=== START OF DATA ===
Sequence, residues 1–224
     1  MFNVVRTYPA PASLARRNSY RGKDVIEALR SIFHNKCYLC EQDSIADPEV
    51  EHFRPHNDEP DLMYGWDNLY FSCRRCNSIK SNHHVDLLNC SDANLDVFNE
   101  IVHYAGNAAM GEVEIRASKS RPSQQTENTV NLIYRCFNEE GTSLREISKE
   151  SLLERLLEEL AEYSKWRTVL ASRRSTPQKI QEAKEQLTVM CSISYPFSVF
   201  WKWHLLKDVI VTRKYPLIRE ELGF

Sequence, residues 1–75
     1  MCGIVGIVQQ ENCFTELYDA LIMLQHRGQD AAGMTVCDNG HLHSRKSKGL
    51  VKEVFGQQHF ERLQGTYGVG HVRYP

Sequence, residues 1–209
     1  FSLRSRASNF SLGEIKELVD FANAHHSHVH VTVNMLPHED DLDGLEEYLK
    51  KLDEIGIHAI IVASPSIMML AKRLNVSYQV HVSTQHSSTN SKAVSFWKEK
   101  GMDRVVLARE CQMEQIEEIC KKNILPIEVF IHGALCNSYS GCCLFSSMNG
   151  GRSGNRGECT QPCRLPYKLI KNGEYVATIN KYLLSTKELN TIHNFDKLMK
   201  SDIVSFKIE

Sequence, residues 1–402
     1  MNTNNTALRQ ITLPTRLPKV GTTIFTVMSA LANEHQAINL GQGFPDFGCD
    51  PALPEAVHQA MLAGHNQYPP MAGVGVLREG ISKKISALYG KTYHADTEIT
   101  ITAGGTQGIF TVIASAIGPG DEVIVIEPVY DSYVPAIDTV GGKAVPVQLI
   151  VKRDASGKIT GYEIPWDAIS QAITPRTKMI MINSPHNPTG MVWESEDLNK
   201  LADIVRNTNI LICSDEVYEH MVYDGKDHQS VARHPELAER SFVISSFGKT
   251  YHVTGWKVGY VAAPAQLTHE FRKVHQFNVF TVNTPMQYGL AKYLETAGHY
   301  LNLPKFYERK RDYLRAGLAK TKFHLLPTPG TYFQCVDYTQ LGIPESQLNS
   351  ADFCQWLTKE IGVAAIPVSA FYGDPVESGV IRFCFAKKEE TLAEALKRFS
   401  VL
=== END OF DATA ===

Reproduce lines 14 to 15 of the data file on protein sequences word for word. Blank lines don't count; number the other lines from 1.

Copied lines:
   151  GRSGNRGECT QPCRLPYKLI KNGEYVATIN KYLLSTKELN TIHNFDKLMK
   201  SDIVSFKIE